I’m familiar with Pugmire via Jeffrey Thomas, whom I’m working with on another project. I stumbled on Pugmire’s Sesqua Valley in Thomas’ tale “Through Obscure Glass” in his short story collection, Unholy Dimensions. It took me awhile but I finally got around to reading the work by the author himself.
Pugmire’s style is refreshingly different from other Mythos authors. He injects high romance, gothic tragedy, and a lyrical language that never takes itself too seriously. There is a veritable rogue’s gallery of personalities dwelling in Sesqua Valley, but its heart and soul is the juxtaposition between two ethos: the romantic poets William Davis Manly and Adam Webster contrast with the capriciously decadent Simon Gregory Williams. They are all creatures of shadow from another realm bound to Sesqua Valley. The Valley and its environs are hedged by the twin-peaked Mount Selta and a mass grave termed by the inhabitants of the Hungry Place. Sesqua’s denizens can leave but few choose to do so; outsiders on the other hand, rarely survive the experience. With this framework in place, Pugmire mines Lovecraft’s Mythos in new ways.
“Some Distant Baying Sound” is a sequel to Lovecraft’s “The Hound,” a surprising romance from the perspective of a female protagonist mourning the death of her sorcerer lover. It is poignant and sad in its longing, and like so many conclusions in Pugmire’s work, ultimately transformative. 5 out of 5.
“Totem Pole” is short, written from the perspective of Webster. It’s heavy with Mythos allusions and at just four pages it follows a similar arc to the first story at a rapid pace. 4 out of 5.
“Swamp Rising” is narrated by Williams and features a standoff of sorts between him and Manly, with poor mortal Randy Lurt caught in the middle, desperate to rescue his pregnant wife and child who have merged with the beyond. In Williams’ eyes Lurt is so far out of his league to be almost inconsequential; it’s much better to have Williams as a protagonist than to be inside his head. 3 out of 5.
Richard Upton Pickman makes an appearance in “Into the Depths of Dreams and Madness,” and here Williams plays a much more compelling role as his muse. Pickman’s and Williams’ encounter gives a fresh perspective on both their fates. 4 out of 5.
“An Image in Chalk,” also narrated by Webster, features a witch named Doris Fleck who, unlike the other deluded fools that wander into Sesqua Valley, knows exactly why she’s there. I enjoyed these types of tales, where foolish mortals flout Sesquan convention. 5 out of 5.
“The Million-Shadowed One” is a moving tribute to Jeffrey Thomas’ autistic son. Pugmire is at his best when he digs deep into his turgid well of emotions. The Sesquans handle the encounter with an otherworldly being with surprising sensitivity. 5 out of 5.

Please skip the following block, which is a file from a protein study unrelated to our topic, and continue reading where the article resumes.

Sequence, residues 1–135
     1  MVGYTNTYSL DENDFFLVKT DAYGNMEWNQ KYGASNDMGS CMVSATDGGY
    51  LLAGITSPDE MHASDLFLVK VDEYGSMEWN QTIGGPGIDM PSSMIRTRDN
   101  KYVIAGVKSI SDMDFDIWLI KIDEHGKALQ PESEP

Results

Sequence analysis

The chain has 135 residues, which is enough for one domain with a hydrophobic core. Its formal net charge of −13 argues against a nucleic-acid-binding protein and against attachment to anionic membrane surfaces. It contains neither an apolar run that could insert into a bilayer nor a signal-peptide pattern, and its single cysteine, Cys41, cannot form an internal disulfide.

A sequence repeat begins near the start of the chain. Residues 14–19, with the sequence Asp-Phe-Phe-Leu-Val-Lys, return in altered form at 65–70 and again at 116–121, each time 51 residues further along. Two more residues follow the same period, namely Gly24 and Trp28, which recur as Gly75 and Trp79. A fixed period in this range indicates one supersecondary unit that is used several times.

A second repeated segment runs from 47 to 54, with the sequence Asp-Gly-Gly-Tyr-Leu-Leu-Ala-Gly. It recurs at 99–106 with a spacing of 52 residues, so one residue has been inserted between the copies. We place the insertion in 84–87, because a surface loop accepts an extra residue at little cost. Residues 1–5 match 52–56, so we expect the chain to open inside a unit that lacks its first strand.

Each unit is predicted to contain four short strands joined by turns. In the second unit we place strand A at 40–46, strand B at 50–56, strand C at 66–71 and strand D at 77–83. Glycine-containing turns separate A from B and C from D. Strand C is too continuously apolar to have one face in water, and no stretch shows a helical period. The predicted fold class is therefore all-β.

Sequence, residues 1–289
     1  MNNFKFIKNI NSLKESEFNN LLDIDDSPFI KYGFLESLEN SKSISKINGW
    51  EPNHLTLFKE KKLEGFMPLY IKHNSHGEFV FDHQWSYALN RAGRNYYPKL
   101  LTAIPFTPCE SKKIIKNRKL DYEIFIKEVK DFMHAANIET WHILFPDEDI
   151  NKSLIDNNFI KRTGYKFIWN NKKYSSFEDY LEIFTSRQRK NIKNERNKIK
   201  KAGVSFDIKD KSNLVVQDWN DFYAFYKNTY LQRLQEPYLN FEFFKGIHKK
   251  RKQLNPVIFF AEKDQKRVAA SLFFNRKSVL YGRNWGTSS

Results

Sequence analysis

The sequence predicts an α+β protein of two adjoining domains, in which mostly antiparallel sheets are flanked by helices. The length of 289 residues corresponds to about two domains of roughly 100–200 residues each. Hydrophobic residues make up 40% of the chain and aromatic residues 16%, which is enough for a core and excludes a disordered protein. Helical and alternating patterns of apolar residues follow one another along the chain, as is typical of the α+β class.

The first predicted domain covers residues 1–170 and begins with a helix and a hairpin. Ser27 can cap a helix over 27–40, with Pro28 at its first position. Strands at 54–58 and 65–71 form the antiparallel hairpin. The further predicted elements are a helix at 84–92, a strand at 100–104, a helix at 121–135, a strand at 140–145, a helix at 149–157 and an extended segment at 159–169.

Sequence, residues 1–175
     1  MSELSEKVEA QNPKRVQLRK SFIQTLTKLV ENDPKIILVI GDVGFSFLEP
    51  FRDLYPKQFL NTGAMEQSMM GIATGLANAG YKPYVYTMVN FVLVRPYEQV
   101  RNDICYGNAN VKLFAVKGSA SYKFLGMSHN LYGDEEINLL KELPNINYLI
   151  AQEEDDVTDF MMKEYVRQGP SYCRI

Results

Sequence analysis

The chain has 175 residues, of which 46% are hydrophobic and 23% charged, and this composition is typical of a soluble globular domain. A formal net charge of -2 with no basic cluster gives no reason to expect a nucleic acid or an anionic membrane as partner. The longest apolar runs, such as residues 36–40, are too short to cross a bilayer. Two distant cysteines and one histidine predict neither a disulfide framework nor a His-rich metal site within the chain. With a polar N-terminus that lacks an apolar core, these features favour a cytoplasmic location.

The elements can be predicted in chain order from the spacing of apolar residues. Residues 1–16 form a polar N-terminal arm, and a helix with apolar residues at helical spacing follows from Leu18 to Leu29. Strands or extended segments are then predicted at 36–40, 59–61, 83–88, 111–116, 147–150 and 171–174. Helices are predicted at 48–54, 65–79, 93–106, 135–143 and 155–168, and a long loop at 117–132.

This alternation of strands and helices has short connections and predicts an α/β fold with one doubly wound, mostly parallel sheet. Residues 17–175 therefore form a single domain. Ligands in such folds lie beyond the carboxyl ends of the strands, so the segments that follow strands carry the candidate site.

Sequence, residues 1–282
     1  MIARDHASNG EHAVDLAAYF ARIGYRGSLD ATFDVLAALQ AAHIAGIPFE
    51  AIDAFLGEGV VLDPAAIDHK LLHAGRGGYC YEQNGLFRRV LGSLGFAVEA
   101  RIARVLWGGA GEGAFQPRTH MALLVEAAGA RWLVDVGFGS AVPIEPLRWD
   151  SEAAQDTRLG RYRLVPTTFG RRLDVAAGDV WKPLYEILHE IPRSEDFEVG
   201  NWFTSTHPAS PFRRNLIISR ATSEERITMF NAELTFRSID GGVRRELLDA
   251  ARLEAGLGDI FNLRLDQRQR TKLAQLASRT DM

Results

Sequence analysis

“And Drink the Moon” is another tribute, this one to a contemporary of H.P. Lovecraft, H. Warner Munn. Pugmire knew Munn well, a rare direct connection to the past that other Mythos authors can only dream of. Pugmire provides a fitting tribute by affixing Munn’s proxy permanently in Sesqua Valley. 5 out of 5.
“An Eidolon of Nothing” features Williams out of his element but taking on a mortal wizard, Edmond Wye. This story and its sequel “One Last Theft” are my favorites. In both tales Williams isn’t all-seeing and all-knowing. In “One Last Theft” he is vexed by Stefan Wilkes, a cultist of Nyarlathotep who hopes to become one of his Million Favored Ones. His one upmanship reaches its peak when he punches Williams in his sneering face. Despite their power, Pugmire isn’t afraid to put his creations in their place in the uncaring cosmos, and it’s clear Nyarlathotep rules above all. Both: 5 out of 5.
“Visions of William Davis Manly” frames Sesqua Valley in a modern context. Manly created a book of poems titled Visions of Khroyd’hon, and its distribution outside the Valley lures unsuspecting readers to their doom. Williams reveals that Manly is now missing; without Manly to counterbalance Williams, the Valley’s future is uncertain. It’s a fitting conclusion to the collection of stories. 5 out of 5.
If there’s a criticism of this book, it’s that the collection is really for fans of Pugmire’s previous stories. Being new to Sesqua Valley, I had to read the stories a few times to place each character in context. That grounding is critical, because the short stories can be so ethereal, the visitors passing in and out of the Valley so quickly, that the reader is left wondering who’s who and what’s what. Weird Inhabitants of Sesqua Valley really should be part of a larger collection, but that’s easily remedied by buying Pugmire’s other books.